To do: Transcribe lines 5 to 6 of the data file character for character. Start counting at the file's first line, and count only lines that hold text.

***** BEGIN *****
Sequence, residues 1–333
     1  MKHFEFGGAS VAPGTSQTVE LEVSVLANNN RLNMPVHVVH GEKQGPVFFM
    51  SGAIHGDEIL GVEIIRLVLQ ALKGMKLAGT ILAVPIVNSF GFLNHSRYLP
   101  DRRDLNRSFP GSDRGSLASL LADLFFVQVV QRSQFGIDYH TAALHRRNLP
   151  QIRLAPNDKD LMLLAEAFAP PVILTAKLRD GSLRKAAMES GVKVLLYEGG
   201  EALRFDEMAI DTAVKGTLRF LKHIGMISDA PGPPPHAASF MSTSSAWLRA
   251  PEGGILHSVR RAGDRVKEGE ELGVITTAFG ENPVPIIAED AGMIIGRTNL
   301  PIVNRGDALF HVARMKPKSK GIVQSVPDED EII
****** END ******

   151  QIRLAPNDKD LMLLAEAFAP PVILTAKLRD GSLRKAAMES GVKVLLYEGG
   201  EALRFDEMAI DTAVKGTLRF LKHIGMISDA PGPPPHAASF MSTSSAWLRA